Diagnosis and therapy in acute stroke: A rehabilitation center viewpoint

M. Motin, J. Streifler, A. Tsur, H. Ring

Research output: Contribution to journalShort surveypeer-review

3 Scopus citations


The extent of the diagnostic work-up of patients with acute stroke was evaluated in 101 patients admitted for rehabilitation during a 4-month period in 1997. This included specific blood tests and neuro- and cardiac imaging, and compared the extent of work-up in a community hospital versus a rehabilitation center. Comparisons were also made with similar investigations 10 and 20 years earlier. Results demonstrated that the trend to admit younger stroke patients (< 50 years) to neurological (as opposed to medical) departments observed between 1977-1987 persisted in 1997. The use of CT scan increased dramatically from 1977 to 1987 (19% vs 78%), and in 1997 was actually 100% The use of carotid duplex and echocardiography increased steadily during the 3 decades reaching 26% and 28% respectively. Tests for thrombophilia were seldom done. However, in neurological departments it was done in about 50% of the younger stroke patients. In neurology departments carotid duplex was done 2 to 3 times more often than in medical departments. During rehabilitation imaging tests were done once or more in almost half the patients. The results and those of additional blood tests, have led to modification of anti-thrombotic treatment in 14% of the younger group and 4% of the older group. We have clearly shown that while stroke work-up has become more comprehensive in recent years, there is still much to do in this field. Stroke units or teams in our general hospitals will increase stroke awareness, improve work-up and hasten definitive treatment.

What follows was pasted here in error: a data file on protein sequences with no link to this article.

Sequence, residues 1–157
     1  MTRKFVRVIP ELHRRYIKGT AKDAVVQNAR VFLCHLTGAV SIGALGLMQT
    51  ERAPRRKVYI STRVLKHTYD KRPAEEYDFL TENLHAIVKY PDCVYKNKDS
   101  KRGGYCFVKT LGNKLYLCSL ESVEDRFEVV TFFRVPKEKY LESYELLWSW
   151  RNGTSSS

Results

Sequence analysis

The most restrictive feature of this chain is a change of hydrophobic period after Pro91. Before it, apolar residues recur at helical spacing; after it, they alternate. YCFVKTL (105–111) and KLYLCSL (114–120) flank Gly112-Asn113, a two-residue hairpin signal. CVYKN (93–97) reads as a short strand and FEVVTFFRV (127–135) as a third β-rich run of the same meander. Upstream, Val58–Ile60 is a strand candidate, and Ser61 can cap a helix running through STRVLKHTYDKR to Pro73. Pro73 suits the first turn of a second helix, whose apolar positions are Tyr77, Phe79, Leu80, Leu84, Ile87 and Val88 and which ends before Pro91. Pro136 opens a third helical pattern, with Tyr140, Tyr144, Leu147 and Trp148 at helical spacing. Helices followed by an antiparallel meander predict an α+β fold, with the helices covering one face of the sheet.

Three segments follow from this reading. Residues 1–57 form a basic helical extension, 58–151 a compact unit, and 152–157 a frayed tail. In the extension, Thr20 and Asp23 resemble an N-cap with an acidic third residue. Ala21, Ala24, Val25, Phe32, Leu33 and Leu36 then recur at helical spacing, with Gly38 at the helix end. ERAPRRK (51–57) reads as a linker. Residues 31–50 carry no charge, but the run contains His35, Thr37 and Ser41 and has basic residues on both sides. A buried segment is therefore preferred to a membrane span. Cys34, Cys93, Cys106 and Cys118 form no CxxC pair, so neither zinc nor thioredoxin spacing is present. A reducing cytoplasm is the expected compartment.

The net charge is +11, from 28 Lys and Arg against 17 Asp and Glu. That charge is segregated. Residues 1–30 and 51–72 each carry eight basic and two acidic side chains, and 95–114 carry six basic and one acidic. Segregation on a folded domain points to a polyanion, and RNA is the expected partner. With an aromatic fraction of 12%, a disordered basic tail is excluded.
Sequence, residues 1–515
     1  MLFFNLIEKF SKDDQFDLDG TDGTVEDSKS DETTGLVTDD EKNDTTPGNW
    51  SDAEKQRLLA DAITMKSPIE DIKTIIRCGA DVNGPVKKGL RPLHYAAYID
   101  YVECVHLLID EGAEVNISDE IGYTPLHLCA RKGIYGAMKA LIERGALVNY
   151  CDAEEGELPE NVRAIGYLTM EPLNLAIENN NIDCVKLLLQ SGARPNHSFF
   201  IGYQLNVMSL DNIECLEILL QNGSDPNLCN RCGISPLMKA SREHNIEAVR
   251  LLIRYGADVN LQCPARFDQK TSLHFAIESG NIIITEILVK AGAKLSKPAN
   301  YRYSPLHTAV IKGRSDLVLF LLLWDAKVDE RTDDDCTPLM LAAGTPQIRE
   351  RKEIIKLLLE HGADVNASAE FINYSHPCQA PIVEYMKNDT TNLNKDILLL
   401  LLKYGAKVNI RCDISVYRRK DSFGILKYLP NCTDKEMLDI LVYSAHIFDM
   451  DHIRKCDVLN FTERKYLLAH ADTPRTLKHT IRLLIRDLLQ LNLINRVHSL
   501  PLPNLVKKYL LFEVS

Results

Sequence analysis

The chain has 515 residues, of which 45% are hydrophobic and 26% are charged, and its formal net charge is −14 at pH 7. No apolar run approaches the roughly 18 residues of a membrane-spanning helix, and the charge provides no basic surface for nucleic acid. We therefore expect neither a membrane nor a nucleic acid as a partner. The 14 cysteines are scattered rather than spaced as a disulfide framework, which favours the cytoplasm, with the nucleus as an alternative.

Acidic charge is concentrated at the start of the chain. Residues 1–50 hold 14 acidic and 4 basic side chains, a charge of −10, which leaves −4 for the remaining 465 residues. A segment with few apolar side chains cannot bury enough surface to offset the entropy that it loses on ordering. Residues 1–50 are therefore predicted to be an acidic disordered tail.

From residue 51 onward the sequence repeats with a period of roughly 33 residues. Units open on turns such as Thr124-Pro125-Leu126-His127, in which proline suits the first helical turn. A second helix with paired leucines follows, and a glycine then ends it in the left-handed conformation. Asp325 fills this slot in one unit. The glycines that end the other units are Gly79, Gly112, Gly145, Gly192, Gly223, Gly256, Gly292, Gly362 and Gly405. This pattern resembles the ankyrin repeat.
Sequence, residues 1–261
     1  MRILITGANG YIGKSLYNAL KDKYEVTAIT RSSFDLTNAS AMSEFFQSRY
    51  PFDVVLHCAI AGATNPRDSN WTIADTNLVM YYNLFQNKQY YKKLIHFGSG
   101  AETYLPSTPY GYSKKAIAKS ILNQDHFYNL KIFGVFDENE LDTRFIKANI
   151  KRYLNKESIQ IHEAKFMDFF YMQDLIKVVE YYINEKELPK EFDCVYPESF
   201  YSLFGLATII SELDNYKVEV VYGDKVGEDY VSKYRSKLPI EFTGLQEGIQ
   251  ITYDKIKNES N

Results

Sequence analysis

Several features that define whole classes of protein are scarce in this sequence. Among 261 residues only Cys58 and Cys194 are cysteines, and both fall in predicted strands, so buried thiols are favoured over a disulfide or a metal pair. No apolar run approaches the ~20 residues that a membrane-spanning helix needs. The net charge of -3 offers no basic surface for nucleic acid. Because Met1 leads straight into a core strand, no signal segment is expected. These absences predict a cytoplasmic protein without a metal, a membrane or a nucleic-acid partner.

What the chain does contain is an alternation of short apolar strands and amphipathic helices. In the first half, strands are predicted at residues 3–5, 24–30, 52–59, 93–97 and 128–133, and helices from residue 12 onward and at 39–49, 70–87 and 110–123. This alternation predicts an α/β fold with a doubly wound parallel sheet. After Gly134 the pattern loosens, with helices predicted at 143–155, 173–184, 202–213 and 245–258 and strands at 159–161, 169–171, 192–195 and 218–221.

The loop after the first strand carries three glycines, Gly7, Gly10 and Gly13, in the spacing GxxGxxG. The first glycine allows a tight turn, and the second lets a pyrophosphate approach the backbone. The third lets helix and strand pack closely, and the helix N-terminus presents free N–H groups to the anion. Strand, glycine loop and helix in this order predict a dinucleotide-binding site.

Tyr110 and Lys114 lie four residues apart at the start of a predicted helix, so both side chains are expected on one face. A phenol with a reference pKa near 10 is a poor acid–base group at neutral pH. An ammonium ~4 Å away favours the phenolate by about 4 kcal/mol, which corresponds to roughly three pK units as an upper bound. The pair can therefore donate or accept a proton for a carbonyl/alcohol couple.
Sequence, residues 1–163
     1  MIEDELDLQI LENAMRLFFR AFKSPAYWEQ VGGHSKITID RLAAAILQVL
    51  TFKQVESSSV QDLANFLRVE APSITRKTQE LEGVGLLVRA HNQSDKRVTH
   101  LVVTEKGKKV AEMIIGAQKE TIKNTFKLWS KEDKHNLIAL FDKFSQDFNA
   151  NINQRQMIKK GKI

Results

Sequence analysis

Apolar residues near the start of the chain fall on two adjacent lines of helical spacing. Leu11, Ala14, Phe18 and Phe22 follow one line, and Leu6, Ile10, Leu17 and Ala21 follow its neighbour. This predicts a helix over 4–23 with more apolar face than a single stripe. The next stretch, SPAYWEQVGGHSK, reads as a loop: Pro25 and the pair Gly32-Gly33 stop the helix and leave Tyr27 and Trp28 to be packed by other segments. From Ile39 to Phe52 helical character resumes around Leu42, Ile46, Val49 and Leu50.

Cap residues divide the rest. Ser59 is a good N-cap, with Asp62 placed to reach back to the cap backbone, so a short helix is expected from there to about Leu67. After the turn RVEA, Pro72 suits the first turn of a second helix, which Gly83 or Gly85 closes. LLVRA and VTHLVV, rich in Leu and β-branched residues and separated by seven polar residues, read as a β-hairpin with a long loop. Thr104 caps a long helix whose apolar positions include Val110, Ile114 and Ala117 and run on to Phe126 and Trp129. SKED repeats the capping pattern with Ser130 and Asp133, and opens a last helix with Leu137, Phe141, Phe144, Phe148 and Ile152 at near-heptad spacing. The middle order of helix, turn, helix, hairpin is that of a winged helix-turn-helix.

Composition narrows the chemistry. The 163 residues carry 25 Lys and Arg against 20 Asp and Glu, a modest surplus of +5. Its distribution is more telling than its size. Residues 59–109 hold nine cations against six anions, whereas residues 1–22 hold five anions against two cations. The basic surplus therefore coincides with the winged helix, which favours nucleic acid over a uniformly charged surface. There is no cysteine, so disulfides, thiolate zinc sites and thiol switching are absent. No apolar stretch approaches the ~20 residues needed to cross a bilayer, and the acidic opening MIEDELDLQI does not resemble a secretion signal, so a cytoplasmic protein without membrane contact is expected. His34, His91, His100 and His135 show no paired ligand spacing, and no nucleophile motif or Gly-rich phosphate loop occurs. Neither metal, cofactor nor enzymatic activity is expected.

Original languageHebrew
Pages (from-to)1-4
Number of pages4
Issue number1
StatePublished - Jan 2001


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